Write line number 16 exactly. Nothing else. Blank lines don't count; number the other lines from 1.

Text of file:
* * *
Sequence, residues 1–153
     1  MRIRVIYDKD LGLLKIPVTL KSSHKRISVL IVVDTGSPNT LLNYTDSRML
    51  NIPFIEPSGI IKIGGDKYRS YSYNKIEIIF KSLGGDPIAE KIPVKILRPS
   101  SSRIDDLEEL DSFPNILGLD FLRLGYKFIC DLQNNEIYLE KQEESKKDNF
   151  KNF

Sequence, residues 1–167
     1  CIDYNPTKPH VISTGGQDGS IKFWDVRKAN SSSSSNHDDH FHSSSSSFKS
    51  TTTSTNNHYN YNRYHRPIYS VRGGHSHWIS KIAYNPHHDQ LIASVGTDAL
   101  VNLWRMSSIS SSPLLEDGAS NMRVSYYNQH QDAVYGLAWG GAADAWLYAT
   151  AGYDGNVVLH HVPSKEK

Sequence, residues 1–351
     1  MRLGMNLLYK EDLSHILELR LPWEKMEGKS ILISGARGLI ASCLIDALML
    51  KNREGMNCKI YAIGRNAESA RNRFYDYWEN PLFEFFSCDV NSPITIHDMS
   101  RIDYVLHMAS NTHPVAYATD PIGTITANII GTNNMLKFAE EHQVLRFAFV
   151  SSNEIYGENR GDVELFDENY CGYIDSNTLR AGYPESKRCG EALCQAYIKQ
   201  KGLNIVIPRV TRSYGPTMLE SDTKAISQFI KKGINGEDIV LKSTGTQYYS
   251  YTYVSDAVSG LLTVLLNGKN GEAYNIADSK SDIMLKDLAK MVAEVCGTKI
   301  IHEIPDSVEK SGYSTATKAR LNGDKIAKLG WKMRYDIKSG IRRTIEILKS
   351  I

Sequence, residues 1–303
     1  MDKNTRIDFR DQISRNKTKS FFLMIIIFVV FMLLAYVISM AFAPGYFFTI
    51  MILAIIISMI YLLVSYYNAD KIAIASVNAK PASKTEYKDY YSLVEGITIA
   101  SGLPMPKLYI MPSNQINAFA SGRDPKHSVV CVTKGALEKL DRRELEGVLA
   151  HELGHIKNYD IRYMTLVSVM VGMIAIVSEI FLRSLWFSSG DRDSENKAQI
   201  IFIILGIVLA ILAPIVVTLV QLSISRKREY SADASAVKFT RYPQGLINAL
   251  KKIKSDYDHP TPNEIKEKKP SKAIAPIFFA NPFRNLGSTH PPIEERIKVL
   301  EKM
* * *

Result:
   201  KGLNIVIPRV TRSYGPTMLE SDTKAISQFI KKGINGEDIV LKSTGTQYYS